Bill Rawson, Chairman of the Rawson Property Group, has drawn attention to what he describes as an ‘excellent’ summary of the South African residential property market recently compiled by Joan Muller of the Financial Mail.
This review, says Rawson, contains all the relevant data and gives support to a recent statement that a great many areas throughout the country always will and continue to buck the slow growth trend producing good growth figures – many appreciating in the recent years of ± 10% per annum.
The Muller survey starts with a raft of discouraging data, which it goes on to show are by no means typical of the market as a whole. Among the more discouraging facts initially quoted are:
By the third quarter of 2009, monthly house sales were down from over 30,000 at the peak of the boom, to a record low of 14,000. Recently they have averaged only 17,700 per month.
On average banks today require 18% cash deposits from buyers (a figure released recently by the bond originators OOBA), but despite this fact, said Rawson, the majority of potential less affluent buyers still require 100% loans.
ABSA figures show that house growth was at ± 7% in 2010, but dropped to ± 2% in 2011 and this year stands at only 1,3%.
Most property economists now expect house price growth to remain in single digits for the foreseeable future. The respected property analyst Erwin Rode is predicting 2% or less growth for at least five years.
Although interest rates are at an all-time 31 year low, borrowers very seldom qualify for prime-minus rates and it is more than possible that prime plus 2% or 2,5% will be the norm in the next two to three years.
Smaller profits on home sales, particularly at the upper end of the market, are dampening the upgrading process, making it necessary to stay longer in homes (usually over eight years). This trend is especially noticeable in the top half of the market, where the upgrading syndrome is now far less frequently encountered.
Those are the negative factors quoted by the Muller Report. However, on the positive side Muller, drawing primarily on Lightstone figures, said that many areas have shown excellent growth. Cape Town house prices, in particular, said Muller, have generally risen at a faster rate than those of Johannesburg, Pretoria or Durban and this is corroborated by FNB economist, John Loos, who has also reported that Cape Town is the top performing area in South Africa. The upward trend here (and elsewhere), said Muller, is often related to the number of homes coming on stream in gated estates, this figure having increased exponentially in the last ten years. This trend, she believes, is set to continue, with buyers increasingly prepared to spend 25 to 35% more per square metre for the same size house, provided it is in a security area.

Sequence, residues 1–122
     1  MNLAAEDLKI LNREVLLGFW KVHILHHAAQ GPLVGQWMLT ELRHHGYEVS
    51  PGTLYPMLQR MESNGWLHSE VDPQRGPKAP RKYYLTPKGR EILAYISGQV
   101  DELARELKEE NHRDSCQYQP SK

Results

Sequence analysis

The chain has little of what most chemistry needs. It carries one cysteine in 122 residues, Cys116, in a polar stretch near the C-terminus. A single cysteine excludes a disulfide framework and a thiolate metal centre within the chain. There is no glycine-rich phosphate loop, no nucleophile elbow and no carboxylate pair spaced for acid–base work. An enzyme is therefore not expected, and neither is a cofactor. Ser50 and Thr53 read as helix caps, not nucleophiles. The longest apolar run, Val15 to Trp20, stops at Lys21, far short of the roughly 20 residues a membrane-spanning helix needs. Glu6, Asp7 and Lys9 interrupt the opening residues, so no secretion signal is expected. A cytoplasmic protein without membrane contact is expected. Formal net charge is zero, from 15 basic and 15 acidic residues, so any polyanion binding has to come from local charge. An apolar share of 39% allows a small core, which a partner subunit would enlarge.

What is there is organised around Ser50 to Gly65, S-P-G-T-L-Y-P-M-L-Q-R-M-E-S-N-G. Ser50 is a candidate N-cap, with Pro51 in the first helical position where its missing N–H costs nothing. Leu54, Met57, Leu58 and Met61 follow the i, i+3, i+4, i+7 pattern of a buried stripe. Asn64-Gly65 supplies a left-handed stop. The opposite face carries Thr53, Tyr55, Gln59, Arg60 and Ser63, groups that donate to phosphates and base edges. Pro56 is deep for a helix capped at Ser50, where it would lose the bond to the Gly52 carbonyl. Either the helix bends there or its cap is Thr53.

This being the case, it should come as no surprise to find that Sunset Links Golf Estate, sited between Milnerton and Table View, is listed by Muller as Cape Town’s top performing precinct, with a three to five year growth rates of over 36%. Sunset Links is followed by Clifton, with growths of 21,3% to 23,8% over five years, while in the less affluent areas: Gordon Heights, Klipdam, Pinehurst, Arauna and Monte Vista have all achieved growths of 26% to 35% over five years.
Similarly in Johannesburg, golf and gated estates have seen the fastest growth rates, with Eagle Canyon Golf Estate at Honeydew, Dainfern near Fourways and Kyalami Estate being the top performers, all showing growths of over 20% over five years.
Other Johannesburg top performers have been the traditional, established suburbs of Parktown North and Saxonwold; and in the middle income category Wendywood and Glenhazel rank as top performers. Surprisingly, too, Sophiatown is now listed as one of South Africa’s top performers in the R700,000 to R1,5 million bracket.
Certain areas in Pretoria also show the same ability to buck the trend, with gated estates again leading the way: Southdowns Residential Estate and Woodhills Estate and Country Club are now both achieving over 9% annual increases (Southdowns Residential Estate in fact is at 10,5%). Over a five year period Southdowns Residential Estate values have risen by 27,8% and Woodhills Estate by 26,5%. These figures are more or less matched by Tamara Park, Kwaggasrand and Wingate Park.
In Durban, too, five year price growth of over 20% has been achieved in a great many areas, e.g. Newlands East, La Mercy, Crestholme, Virginia and Harwood Park, while traditional areas such as Kloof and Westville are holding their own against the inflation rate. In general, Durban prices have not risen as strongly as other major cities.
Rawson said that the Muller review should give property investors considerable encouragement because the upward trends in the better performing areas are likely to ‘percolate’ through to the slower performing areas.